From there the company sought to expand its capabilities by buying Graef & Schmidt, a cutlery manufacturer, in 1943. The company went public in 1955 with an IPO price of $12 per share. The price reached $30 within just eight weeks. Revson took a strategy from General Motors in the 1960s and segmented Revlon Inc. into different divisions, each of which focused on different markets: Revlon was the most popular brand, Princess Marcella Borghese focused on upscale and international products, Ultima II was the premium brand, Natural Wonder was marketed towards juniors, Moon Drops was a brand of dry skin products, and Etherea focused on the hypo-allergenic market. Revlon continued to expand, acquiring Knoemark in 1969. Revlon began overseas marketing in the 1950s, and debuted in Japan in 1962.
By this time, there were subsidiaries in France, Italy, Argentina, Mexico, and Asia. When Charles Revson passed away in 1975, Michael Bergerac continued to expand the company holdings. They acquired Coburn Optical Industries, Barnes-Hind, Armour Pharmaceutical Company, and the Lewis-Howe Company. Revlon began losing ground to Estée Lauder, and attempted an unsuccessful hostile takeover of Gillette in 1983. Revlon was sold to Pantry Pride for $58 per share, totaling $2.7 billion, in 1985. The buyout saddled Revlon with a huge debt, and Pantry Pride bought the remaining outstanding shares at $58 per share. Owner Perelman paid $1.8 billion to Revlon's shareholders, but he also paid $900 million of other costs associated with the purchase. Perelman had Revlon sell four divisions: two for $1 billion, the vision care division for $574 million, and the National Health Laboratories division which became a publicly owned corporation in 1988.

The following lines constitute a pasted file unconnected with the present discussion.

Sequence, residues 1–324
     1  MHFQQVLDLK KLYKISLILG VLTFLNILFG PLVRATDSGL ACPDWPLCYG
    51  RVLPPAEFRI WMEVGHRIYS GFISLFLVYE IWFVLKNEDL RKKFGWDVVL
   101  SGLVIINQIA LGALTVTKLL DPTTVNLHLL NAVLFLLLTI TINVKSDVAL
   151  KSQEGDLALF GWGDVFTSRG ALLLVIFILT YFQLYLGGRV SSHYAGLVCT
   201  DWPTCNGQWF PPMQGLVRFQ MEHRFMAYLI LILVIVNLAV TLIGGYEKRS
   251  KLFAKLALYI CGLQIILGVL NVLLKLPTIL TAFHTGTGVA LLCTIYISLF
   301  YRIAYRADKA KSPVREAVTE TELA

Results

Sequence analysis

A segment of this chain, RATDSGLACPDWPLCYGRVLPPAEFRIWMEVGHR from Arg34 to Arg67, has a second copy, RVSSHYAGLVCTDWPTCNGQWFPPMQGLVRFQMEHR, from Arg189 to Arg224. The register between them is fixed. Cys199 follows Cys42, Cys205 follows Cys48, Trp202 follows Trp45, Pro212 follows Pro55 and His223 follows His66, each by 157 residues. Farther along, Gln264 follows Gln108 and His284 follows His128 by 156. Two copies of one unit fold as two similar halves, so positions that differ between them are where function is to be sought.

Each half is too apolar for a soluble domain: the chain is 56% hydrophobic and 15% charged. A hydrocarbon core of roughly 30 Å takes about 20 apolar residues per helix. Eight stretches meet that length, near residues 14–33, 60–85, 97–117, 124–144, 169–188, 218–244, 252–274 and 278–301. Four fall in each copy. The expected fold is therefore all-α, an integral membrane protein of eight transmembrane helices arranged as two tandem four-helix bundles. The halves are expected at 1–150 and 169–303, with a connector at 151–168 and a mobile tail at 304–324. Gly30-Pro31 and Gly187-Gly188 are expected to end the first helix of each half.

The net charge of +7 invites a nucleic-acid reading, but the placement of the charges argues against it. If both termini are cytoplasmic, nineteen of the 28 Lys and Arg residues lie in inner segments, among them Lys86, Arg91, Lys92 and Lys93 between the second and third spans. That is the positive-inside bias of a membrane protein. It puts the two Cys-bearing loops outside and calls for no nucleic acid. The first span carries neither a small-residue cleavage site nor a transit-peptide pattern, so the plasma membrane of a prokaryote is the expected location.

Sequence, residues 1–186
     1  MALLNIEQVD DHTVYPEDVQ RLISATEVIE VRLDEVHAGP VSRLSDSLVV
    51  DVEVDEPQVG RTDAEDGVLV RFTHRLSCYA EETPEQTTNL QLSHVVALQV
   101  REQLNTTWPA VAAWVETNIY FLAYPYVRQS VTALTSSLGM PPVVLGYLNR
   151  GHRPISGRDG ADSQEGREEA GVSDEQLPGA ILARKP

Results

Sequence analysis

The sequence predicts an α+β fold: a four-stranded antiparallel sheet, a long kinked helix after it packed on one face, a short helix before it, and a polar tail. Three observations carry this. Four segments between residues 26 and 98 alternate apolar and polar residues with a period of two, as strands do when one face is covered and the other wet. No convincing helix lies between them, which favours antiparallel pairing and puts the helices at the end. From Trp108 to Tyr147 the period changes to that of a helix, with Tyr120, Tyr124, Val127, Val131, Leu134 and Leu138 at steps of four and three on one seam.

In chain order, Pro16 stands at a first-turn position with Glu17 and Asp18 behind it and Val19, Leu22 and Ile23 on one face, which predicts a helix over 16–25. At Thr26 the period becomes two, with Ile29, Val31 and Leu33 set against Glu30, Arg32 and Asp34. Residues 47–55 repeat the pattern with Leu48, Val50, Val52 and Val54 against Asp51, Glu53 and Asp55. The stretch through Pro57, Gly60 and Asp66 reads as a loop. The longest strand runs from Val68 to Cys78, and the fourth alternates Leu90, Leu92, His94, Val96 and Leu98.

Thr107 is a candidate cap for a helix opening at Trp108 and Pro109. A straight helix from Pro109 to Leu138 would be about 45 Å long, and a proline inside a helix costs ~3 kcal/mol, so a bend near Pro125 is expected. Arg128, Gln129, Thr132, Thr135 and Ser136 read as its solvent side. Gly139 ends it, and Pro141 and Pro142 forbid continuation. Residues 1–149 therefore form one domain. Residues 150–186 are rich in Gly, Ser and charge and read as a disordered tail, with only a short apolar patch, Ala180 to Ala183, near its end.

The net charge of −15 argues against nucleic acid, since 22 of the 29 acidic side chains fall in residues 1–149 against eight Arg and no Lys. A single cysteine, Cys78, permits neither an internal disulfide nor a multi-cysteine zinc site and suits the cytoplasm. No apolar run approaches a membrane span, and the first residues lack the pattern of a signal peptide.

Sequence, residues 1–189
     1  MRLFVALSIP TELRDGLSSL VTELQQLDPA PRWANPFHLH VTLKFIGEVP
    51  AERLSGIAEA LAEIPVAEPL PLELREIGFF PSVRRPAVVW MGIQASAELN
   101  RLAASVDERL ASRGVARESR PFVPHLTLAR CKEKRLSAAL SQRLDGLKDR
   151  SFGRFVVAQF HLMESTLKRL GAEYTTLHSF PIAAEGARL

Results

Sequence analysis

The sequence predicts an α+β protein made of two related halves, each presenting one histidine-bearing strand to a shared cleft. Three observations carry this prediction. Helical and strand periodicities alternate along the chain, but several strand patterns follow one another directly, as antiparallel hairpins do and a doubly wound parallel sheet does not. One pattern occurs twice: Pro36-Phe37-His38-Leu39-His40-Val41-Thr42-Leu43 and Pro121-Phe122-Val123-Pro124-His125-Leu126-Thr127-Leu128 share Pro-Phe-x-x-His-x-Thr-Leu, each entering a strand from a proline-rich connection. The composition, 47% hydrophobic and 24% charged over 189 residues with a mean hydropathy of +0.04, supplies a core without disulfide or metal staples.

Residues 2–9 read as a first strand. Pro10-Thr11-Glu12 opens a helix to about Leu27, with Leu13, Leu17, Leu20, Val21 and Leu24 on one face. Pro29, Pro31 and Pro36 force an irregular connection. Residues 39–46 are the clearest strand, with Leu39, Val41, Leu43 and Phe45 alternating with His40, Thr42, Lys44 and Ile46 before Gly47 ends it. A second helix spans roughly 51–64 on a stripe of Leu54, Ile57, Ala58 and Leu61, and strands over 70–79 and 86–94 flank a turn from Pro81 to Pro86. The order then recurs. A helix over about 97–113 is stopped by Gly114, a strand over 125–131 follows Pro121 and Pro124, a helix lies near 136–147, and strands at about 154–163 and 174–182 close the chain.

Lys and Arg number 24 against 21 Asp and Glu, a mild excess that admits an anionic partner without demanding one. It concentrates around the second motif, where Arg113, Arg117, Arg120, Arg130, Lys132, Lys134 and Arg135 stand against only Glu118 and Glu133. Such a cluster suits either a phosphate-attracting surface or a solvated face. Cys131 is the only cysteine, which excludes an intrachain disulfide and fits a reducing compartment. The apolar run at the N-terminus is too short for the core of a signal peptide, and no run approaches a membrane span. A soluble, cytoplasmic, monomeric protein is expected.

Revlon’s success has landed them in a role where they can support philanthropic ventures. Revlon is a corporate sponsor of several charity projects. The largest of these projects is the Revlon Run/Walk, a run and walk in Los Angeles to raise money and awareness for breast and ovarian cancer. They also support other cancer charities such as the National Breast Coalition, and even operates a mobile mammography clinic in and around Oxford, North Carolina. The company has gotten so involved in breast cancer that in 1996, they supported the development of a breast cancer center at the University of California, Los Angeles, renamed Revlon/UCLA Breast Cancer.
Up until the 1940s, Revlon’s magazine ads were drawn by hand, and usually in black in white, but beginning in 1945, began launching full color photographic advertisements in major magazines. One of the world’s first models, Dorian Leigh, starred in some of Revlon’s most memorable ads. In 1970, Revlon made history when they were the first magazine to feature an African American model, Naomi Sims. Through the 80s and 90s, Revlon featured models in their campaigns, and despite the success of this campaign, the began to focus on movie stars to promote their products.
Classic celebrities like Selma Hayek and Oprah Winfrey were the spokeswomen for Revlon products in their heyday. Jessica Alba is usually a woman who stays out of the spotlight, but she has no problem showing off her gorgeous grin while being an ambassador for Revlon. She has even participated in Revlon’s Run/Walk. And while it is obviously an honor to be selected by the company to show off their products, many women, like Elle McPherson are proud to be associated with the company because of what it stands for.
“Revlon is an iconic brand, bringing high-quality products to women around the world and is complementary to my values. I am proud to join Revlon in its celebration of women and in its long-term commitment and support for education and research to advance women’s health and particularly to fight women’s cancers."